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Houston Ballet Opens Its Shakespeare Season With A Midsummer Night's Dream

Categories: Ballet

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Photo by Amitava Sarkar
Karina Gonzalez and artists of Houston Ballet.

The Setup:
Choreographers have never shied away from adapting the works of Shakespeare to world of ballet, but A Midsummer Night's Dream is an altogether different endeavor. There's the large roster of characters to deal with, the circuitous nature of the key relationships, and not to mention the transitions in and out of a fairy world. Dance doesn't lend itself well to backstory, but it does lend itself to tales of passion. Choreographer John Neumeier's A Midsummer Night's Dream (1977) is all body; no text needed here. Houston Ballet opened its 2014-2015 season with Neumeier's classic last Thursday night, becoming the first American company to perform the work.

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Houston Theater District's Open House and Our Theater Awards Issue

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Photo by Marie Noelle Robert
For entry level opera-goers: Sweeney Todd
Besides the ballet, the theater companies and the symphony, this year's 21st Annual Theater District Open House will feature food trucks in Jones Plaza, tango lessons from the Society for the Performing Arts and has expanded to include Bayou City Music Center and Bayou Place (known rather more for their rock music than classical works).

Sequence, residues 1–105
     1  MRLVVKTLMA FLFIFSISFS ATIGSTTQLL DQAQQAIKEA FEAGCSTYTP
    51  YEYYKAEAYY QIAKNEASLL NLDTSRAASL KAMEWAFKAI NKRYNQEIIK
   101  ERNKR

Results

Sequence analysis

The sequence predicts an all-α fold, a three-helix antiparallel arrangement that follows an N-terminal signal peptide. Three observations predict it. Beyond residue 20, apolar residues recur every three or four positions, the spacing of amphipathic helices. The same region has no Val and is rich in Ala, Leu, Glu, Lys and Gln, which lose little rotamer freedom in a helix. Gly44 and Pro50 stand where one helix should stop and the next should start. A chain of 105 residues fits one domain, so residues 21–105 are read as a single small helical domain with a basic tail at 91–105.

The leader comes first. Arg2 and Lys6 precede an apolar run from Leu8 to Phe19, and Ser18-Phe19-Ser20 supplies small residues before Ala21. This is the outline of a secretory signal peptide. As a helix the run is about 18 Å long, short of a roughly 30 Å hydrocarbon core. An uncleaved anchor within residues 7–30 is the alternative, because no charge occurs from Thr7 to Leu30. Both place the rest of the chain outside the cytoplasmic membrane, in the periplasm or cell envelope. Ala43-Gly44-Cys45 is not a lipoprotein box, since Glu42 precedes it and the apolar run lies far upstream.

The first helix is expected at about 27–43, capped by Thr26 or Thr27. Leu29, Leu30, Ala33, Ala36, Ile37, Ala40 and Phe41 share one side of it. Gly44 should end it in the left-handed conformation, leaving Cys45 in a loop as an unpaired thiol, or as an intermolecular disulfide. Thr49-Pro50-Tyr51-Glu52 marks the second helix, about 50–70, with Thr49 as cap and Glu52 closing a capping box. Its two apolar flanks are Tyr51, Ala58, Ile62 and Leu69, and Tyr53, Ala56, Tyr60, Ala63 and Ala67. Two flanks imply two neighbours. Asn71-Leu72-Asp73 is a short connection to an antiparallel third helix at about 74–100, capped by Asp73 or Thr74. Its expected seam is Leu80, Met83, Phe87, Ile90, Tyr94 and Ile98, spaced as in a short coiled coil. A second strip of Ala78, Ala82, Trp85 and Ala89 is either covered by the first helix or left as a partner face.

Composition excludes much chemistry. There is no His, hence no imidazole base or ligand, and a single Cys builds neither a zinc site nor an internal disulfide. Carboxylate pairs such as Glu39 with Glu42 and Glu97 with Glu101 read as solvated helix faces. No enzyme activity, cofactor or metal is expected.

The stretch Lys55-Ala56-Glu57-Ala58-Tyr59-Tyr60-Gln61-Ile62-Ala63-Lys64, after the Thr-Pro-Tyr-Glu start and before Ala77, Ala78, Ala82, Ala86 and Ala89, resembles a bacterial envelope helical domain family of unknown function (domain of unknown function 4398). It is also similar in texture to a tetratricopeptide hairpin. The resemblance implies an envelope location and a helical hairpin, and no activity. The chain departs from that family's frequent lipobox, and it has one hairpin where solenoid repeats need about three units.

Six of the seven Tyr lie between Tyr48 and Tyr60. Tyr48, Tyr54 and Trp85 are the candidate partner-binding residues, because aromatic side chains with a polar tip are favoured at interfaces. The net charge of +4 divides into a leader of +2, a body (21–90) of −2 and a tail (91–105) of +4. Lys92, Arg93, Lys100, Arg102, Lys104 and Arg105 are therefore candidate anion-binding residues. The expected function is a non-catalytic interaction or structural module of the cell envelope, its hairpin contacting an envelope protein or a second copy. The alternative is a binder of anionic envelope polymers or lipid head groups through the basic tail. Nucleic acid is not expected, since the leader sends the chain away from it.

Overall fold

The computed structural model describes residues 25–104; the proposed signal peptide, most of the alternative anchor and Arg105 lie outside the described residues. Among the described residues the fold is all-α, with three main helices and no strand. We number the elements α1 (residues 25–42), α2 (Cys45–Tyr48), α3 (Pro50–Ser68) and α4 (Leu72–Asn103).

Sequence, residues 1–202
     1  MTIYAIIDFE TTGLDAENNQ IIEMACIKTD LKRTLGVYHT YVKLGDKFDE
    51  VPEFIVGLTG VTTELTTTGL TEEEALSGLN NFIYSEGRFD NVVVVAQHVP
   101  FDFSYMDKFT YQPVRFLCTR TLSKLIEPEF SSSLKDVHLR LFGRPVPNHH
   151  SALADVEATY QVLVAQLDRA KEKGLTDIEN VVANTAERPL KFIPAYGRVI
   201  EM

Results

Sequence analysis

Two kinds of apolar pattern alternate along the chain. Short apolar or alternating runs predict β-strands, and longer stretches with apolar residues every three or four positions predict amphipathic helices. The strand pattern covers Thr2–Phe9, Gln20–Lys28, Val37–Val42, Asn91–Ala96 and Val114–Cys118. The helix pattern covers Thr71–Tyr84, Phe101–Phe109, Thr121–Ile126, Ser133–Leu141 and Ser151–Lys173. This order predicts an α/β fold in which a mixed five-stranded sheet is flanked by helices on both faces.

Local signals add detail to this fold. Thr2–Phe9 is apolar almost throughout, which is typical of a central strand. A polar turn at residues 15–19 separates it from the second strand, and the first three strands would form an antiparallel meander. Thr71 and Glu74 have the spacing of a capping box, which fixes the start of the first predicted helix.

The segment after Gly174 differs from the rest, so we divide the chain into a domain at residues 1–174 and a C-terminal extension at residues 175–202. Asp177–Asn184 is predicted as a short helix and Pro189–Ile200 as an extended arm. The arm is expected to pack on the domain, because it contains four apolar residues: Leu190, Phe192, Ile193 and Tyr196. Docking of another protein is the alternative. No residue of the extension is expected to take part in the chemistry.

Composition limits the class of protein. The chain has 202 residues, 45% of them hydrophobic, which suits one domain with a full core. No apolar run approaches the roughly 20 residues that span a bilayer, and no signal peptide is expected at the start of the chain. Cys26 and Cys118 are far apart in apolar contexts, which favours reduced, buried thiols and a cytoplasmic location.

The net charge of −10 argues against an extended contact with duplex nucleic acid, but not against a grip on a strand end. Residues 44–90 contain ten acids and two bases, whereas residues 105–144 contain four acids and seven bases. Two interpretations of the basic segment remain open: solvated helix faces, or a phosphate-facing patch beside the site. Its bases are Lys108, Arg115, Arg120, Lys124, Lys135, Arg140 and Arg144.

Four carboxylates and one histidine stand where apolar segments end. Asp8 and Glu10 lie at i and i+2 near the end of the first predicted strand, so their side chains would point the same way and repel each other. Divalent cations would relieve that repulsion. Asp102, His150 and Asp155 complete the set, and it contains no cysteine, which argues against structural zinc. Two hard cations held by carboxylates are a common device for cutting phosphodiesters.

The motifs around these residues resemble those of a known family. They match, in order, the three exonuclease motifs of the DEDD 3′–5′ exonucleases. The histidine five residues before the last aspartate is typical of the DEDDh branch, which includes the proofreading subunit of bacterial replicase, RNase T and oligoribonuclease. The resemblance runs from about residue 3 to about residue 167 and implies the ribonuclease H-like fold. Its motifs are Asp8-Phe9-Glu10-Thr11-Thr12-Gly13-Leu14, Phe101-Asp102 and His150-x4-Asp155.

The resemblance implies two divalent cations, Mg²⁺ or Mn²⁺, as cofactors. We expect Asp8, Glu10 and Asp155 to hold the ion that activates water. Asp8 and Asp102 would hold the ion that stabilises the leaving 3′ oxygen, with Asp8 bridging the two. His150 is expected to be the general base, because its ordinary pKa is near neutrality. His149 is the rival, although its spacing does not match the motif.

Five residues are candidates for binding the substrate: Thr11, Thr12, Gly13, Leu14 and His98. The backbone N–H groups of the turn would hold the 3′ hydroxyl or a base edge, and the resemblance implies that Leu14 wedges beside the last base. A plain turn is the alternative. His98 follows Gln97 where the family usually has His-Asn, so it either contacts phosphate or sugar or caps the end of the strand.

And even though Alley Theatre has moved to a temporary home at the University of Houston where its first show of the season The Old Friends opens Wednesday, its personnel will still be on hand to show visitors through its production rooms to plumb the mysteries of costumes and wigs and rehearsal halls.

Perryn Leech, acting board chair of the Houston Downtown Alliance and Houston Grand Opera's managing director, says this year as always gives visitors an up-close-and personal (and free!) look at the Houston arts scene with the added benefit of being able to sign up for discounted subscriptions. "There are good bargains to be had," he says.

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Tying in to all the occasion, the Houston Press this week presents its annual Houston Press Arts Guide as well as the third year of our Houston Theater Awards, in which we draw attention to what we believe were the outstanding theatrical performances in our city during the 2013-14 season.


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Houston Ballet Dazzles With Stanton Welch's Version of Swan Lake

Categories: Ballet

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Photo by Amitava Sarkar
Sara Webb as the White Swan.
The Setup:
Few ballets are as well-known as Swan Lake the Russian ballet made famous by Marius Petipa's and Lev Ivanov's 1895 revival. Stanton Welch staged his version with Houston Ballet in 2006; inspired by John William Waterhouse's The Lady of Shallott, his Swan Lake takes its aesthetic from the fairy tale valence of pre-Raphaelite painting. Houston Ballet closes its 2013-2014 season with this Tchaikovsky-fueled classic.